ugal living money management

Beware! The Lifestyle Creep May Be Stalking You

Are you earning more income, but not saving any more of it? Have possessions, foods and entertainment that were once luxuries become necessities? Beware!… The Lifestyle Creep may be stalking you.


Lifestyle Creep is defined by Investopedia as “a situation where people’s lifestyle or standard of living improves as their discretionary income rises either through an increase in income or decrease in costs”.


Put simply, this means “the more money you have, the more money you spend”.


Like a stalker creeping in the shadows, watching your every move, Lifestyle Creep slowly creeps up on you. As you go about your daily life, you don’t even notice Lifestyle Creep lurking in the shadows… Until bam! The creep jumps out from behind the bushes and you suddenly realise that you make good money, but have not a lot to show for it!


Unfortunately, Lifestyle Creep is something that affects a significant proportion of us… Including myself.


Generally, Lifestyle Creep presents itself in a manner similar to my story:

After I finished school, I went straight to University in 2005. I had a part-time job and was able to get Youth Allowance support from the Government. Whilst not a lot of money, this income allowed me to cover the essentials and have a little bit left to have a few beers and maybe do some kind of fun activity every now and then.


After the third year of doing this, my beloved and I wanted to move in together, so in 2008 we moved into a share house with just one friend. Despite picking up an extra shift at work, I was still spending down to my last few dollars.


3 years later in 2011, we decided to move in together just ourselves. In order to afford this, we got second jobs tutoring at our University. As I had a bit more cash due to my second job, I shopped for a few nice things for our home to make it more homely.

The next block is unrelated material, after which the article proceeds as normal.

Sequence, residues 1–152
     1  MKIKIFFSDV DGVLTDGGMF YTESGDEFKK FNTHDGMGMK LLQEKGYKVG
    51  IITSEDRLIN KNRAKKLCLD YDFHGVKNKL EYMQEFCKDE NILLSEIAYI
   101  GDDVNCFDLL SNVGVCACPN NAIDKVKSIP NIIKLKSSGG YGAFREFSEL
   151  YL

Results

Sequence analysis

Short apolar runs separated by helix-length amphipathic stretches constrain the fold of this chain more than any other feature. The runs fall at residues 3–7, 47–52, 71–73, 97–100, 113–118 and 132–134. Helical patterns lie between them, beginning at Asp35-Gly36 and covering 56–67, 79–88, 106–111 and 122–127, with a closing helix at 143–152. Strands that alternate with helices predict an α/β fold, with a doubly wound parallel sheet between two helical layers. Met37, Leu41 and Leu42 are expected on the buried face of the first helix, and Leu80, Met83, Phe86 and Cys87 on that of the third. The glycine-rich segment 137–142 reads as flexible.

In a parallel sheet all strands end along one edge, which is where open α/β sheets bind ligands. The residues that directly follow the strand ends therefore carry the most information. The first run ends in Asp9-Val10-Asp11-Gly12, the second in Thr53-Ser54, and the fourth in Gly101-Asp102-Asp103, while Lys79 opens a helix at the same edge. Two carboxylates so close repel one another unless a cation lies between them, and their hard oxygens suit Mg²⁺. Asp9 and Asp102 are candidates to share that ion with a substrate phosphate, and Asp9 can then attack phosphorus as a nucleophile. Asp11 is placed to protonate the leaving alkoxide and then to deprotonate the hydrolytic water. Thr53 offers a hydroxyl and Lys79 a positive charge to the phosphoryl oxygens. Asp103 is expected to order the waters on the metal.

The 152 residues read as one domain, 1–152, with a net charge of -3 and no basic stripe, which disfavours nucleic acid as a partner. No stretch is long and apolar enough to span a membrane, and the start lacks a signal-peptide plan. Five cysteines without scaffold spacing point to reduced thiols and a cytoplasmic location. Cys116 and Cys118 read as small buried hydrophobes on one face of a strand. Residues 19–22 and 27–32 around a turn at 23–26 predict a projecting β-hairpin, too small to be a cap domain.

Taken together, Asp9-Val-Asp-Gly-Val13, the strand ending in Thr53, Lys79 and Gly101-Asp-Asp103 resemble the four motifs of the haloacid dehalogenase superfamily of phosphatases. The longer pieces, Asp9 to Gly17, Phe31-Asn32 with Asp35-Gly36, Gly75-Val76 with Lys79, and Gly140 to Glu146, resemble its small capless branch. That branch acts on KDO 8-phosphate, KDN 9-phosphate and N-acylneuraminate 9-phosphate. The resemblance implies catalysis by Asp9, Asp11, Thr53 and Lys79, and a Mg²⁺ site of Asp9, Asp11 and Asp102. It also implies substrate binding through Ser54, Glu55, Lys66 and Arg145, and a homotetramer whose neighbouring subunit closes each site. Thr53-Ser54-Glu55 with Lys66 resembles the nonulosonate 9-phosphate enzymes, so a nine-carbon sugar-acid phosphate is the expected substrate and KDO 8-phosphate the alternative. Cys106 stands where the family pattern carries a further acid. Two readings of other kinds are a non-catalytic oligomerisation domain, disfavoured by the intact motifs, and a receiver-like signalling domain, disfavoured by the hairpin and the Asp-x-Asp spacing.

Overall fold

After finishing our degrees, we moved to Brisbane in 2012 and got professional jobs. After working for a year, my net income was about $750 per week. As I was now a “proper adult” I acquired new furniture and clothes, and we went on regular holidays.


… Fast forward to September of 2016 (6 months before my 30th birthday), whereby my net income had increased to $1000 a week. We went on regular holidays to 4 star hotels, had a regular turnover of clothes, shoes and furniture, and were looking at refinancing our car loan from $25,000 to $30,000 so we could upgrade to a newer, bigger, fancier car (even though our existing car was fine)…. And so on and so forth!


My weekly income and expenditure over this period looked something like this:

  2005 2008 2011 2012 2016
Rent/Mortgage 65 85 120  215 237
Phone 7.50 10 10  15 19
Groceries 40 50 72  90 119
Alcohol 20 25 24  30  35
Internet 10 10 10  10  10
Utilities 20 25 42 40 53
Petrol 20 40 40  10 10
Car Maintenance 10 10 16 21 30
Car Repayments 0 0 0  73 124
Public Transport 0 0 0 34 38
Clothes 5 10 20  30  30
Eating out 10 30 30  40  47
Entertainment 5 10 13  20  20
Furniture & Decor 5  0 20  40  66
Holidays 20 35 30  50  70
Insurances 10 10 10 20 40
Pets 0 0 0 10 30
*Total Costs  247.50  350  457  748  978
*Total Income  250  350  462  752  1029
*Total Savings  2.50  0  5  4  51


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A pretty graphical representation of aforementioned data













As you can see, the more money I earned over these 11 years, the more I spent.


We all know that spending more throughout time is inevitable due to factors such as inflation, having children and buying a house. However, the issue with my expenditure was that it was increasing primarily in the “luxury” categories such as holidays, decor, eating out and entertainment. Consequently, I was acquiring more fancy stuff and going on fancier holidays, but I still wasn’t saving much.